And then the central data person says, “Eh, no. You’re not going to get an ML engineer because you’re”—that discussion can happen because the starting point was, “Yeah, I’m the product manager. I’m the churn model product manager, and I have demands towards the organization to support me with roles and structures that enable me to create that.” Right now it’s kind of pushing that concept towards people who don’t really see themselves as the product owner, if you will, of the churn model. No, I’m in charge of customer retention. “Yeah, I agree, and one of your roles is own the churn model.”
Again, it’s not a job title; it’s just a role. Yes, we need you to make sure you keep as many customers as possible, and if that’s calling people and saying, “We love you. Please stay with us.” Or if it’s whether you’re getting support from the analytics team to build out a sophisticated model to know who to call, don’t really care as long as you take responsibility for not only the big umbrella thing but the components beneath.
Brian: Yeah, yeah. Yeah, I’m with you. I think understanding that someone does need to own those decisions and that you’ll have a better outcome with that is the first step, whoever it is, wherever they report, [laugh] you know, all of that. I do wonder sometimes about certain business stakeholders’ ability to properly quote, “Product-own” something like a churn model if they don’t have some type of software background. They may have some data background, but if they haven’t built software before, I think there has to be a good handoff or a negotiation, or conversation between people that know how to do that in that role.
And it’s not something that they can’t learn it, but that could become your whole job, just moni—I mean, that—at the enterprise scale, like, that could be a standalone product; that could be an entire business, potentially. I mean, I’m seeing this happen with some of my seminar students. It’s just like, “We built this thing in-house, and we showed it to our partner, and they all want to use it now in their own stack.” And it’s like, that’s an entire startup business, just that one project you guys did. But that means you need all the support that comes with that, you need to think about—it has to have legs what—when it goes wrong.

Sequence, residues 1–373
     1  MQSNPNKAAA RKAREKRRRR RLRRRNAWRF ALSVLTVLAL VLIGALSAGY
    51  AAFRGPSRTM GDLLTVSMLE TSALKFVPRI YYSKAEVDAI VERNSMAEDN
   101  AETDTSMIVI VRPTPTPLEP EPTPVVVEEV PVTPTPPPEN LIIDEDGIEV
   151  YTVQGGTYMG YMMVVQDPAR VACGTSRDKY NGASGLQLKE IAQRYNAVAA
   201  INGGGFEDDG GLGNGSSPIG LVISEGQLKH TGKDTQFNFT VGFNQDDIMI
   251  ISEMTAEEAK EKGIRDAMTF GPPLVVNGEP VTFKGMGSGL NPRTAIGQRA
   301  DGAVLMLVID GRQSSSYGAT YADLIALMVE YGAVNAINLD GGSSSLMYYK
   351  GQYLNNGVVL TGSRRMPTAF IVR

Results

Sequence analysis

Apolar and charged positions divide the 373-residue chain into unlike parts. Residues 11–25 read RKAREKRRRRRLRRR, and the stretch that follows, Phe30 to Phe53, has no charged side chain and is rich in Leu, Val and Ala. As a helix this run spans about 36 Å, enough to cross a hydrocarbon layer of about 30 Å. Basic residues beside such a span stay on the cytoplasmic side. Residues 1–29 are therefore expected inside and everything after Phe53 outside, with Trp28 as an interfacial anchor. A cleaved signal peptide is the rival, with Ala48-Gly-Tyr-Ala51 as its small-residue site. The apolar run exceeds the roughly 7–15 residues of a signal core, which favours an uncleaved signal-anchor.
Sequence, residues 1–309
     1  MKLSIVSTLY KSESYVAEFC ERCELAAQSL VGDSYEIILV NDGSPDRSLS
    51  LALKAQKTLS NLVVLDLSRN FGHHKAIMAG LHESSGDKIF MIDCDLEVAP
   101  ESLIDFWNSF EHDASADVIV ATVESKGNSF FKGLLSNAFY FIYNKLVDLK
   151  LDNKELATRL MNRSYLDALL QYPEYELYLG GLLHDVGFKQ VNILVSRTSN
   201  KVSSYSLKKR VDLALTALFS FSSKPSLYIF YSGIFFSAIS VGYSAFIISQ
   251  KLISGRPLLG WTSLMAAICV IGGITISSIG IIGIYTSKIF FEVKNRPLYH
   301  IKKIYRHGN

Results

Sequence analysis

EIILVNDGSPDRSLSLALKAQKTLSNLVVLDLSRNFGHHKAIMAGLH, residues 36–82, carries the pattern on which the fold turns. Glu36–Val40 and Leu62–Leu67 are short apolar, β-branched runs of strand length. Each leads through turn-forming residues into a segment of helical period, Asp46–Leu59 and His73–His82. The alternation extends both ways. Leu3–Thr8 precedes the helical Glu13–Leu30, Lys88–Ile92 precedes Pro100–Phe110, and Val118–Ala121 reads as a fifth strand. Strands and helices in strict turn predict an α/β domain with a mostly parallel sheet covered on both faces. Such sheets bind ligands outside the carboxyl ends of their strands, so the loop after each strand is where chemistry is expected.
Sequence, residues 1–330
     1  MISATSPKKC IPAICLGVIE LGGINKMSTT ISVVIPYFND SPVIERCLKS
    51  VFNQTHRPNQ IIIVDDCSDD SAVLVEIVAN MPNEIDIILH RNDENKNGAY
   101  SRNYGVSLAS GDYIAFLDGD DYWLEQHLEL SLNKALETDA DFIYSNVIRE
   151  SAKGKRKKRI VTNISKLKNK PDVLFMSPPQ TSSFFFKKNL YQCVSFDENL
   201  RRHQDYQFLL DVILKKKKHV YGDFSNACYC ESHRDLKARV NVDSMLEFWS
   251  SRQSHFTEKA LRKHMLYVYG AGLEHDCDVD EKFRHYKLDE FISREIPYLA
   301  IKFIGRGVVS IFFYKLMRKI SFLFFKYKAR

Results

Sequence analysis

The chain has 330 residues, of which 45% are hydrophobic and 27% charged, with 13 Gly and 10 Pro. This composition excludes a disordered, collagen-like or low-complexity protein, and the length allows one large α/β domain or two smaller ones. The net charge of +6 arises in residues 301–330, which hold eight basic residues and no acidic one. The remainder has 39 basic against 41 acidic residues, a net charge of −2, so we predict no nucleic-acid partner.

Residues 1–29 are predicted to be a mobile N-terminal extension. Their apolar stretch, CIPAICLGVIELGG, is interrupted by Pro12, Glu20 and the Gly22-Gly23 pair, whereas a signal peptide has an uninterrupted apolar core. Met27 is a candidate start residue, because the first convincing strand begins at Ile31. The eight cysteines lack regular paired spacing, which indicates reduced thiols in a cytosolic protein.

There’s all those things you have to think about there. So, I mean, we could go in a whole ‘nother branch with that, but I don’t have you forever, and I wanted to—first of all, I love this conversation: it has been fantastic. But I wanted to ask you, do you—given that you’ve been in the field for a while. When you look back is there any big thing that you changed your mind about with analytics or data where you did a 180? Or maybe not even entirely a 180, but you really changed something? I’m always interested in how people make changes. But.
Drew: Yeah, yeah, changes is a fascinating subject. One little factoid on that one: I always love the fact that when people have really bad heart conditions, like, really bad, like, you’re going to die, two-thirds of those people do not change their diet or routine. So, the uptake of that is two-thirds of people choose death over change.
Brian: Is that a commercial? [laugh]. Is that your new product commercial? Two-thirds choose death over—[laugh].
Drew: What would you be selling? I’m not quite sure. But no, but isn’t that fascinating? So, the human brain, which we are still dealing with—all the data in the world, we’re still eventually hitting the human brain—has a tendency not to change. So, that’s to sort of say, the answer to your question is probably not as much as I should have, Brian.
I think the organizational model is one of them, and I’ll tell you that it was a little bit of reflection why I came away from strong faith in central analytics. And that is, I might have—this is the most evasive, political answer ever—
Drew: —I might have been one of those people who sometimes do—
Drew: —look upon building a large organization as a measure of success. So, central analytics organizations, they get up to, like, 200, or 300, 500, 5000 people. That’s a really celebrated role. I mean, you are at the top of the corporate mountain. But you’re not doing the company any good.
You’re starving the rest of the organization of data and analytics talent. So, I have made a bit of a 180, to say, that is a real short-term thing. You have to go through central analytics if you’re early in your journey because you do need to consolidate some critical things, data infrastructure, data governance, et cetera, but if you allow yourself to stay there, you need to sit back and reflect why you’re there. Is it your ego, as it might have been in my case? Is it a lack of trust to the business owners, which it also could have been? You need to do some reflection and figure out because it’s going to be unhealthy long-term. So, that’s one thing I flipped on.